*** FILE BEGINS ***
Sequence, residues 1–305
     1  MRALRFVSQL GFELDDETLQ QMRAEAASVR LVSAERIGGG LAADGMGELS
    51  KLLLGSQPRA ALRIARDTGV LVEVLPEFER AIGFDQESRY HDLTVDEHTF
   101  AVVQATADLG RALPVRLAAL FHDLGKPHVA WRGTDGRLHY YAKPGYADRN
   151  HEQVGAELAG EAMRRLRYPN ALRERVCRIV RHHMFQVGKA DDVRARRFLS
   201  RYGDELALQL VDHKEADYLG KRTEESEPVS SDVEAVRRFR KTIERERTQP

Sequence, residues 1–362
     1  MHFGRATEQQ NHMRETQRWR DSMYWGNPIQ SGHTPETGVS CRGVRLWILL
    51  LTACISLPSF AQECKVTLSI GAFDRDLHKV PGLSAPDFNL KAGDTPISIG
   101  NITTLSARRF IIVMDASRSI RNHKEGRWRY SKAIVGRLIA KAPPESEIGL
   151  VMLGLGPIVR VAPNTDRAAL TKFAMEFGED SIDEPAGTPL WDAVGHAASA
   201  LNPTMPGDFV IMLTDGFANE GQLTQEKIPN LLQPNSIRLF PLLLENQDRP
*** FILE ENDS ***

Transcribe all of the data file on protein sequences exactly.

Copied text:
Sequence, residues 1–305
     1  MRALRFVSQL GFELDDETLQ QMRAEAASVR LVSAERIGGG LAADGMGELS
    51  KLLLGSQPRA ALRIARDTGV LVEVLPEFER AIGFDQESRY HDLTVDEHTF
   101  AVVQATADLG RALPVRLAAL FHDLGKPHVA WRGTDGRLHY YAKPGYADRN
   151  HEQVGAELAG EAMRRLRYPN ALRERVCRIV RHHMFQVGKA DDVRARRFLS
   201  RYGDELALQL VDHKEADYLG KRTEESEPVS SDVEAVRRFR KTIERERTQP

Sequence, residues 1–362
     1  MHFGRATEQQ NHMRETQRWR DSMYWGNPIQ SGHTPETGVS CRGVRLWILL
    51  LTACISLPSF AQECKVTLSI GAFDRDLHKV PGLSAPDFNL KAGDTPISIG
   101  NITTLSARRF IIVMDASRSI RNHKEGRWRY SKAIVGRLIA KAPPESEIGL
   151  VMLGLGPIVR VAPNTDRAAL TKFAMEFGED SIDEPAGTPL WDAVGHAASA
   201  LNPTMPGDFV IMLTDGFANE GQLTQEKIPN LLQPNSIRLF PLLLENQDRP